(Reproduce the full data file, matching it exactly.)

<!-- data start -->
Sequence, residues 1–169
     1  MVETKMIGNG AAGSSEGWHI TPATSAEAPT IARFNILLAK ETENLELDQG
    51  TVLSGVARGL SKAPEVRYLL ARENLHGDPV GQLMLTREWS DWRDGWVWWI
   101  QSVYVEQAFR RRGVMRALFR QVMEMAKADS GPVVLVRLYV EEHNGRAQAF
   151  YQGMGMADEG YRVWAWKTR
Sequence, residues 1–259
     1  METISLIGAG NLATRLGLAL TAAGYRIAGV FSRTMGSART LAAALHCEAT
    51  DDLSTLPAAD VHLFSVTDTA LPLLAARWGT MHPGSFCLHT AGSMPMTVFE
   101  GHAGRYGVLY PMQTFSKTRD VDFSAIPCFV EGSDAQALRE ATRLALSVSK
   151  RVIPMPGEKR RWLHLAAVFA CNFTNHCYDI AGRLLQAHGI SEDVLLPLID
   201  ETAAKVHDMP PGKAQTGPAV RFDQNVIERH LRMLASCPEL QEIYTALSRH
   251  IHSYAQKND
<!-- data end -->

Sequence, residues 1–169
     1  MVETKMIGNG AAGSSEGWHI TPATSAEAPT IARFNILLAK ETENLELDQG
    51  TVLSGVARGL SKAPEVRYLL ARENLHGDPV GQLMLTREWS DWRDGWVWWI
   101  QSVYVEQAFR RRGVMRALFR QVMEMAKADS GPVVLVRLYV EEHNGRAQAF
   151  YQGMGMADEG YRVWAWKTR
Sequence, residues 1–259
     1  METISLIGAG NLATRLGLAL TAAGYRIAGV FSRTMGSART LAAALHCEAT
    51  DDLSTLPAAD VHLFSVTDTA LPLLAARWGT MHPGSFCLHT AGSMPMTVFE
   101  GHAGRYGVLY PMQTFSKTRD VDFSAIPCFV EGSDAQALRE ATRLALSVSK
   151  RVIPMPGEKR RWLHLAAVFA CNFTNHCYDI AGRLLQAHGI SEDVLLPLID
   201  ETAAKVHDMP PGKAQTGPAV RFDQNVIERH LRMLASCPEL QEIYTALSRH
   251  IHSYAQKND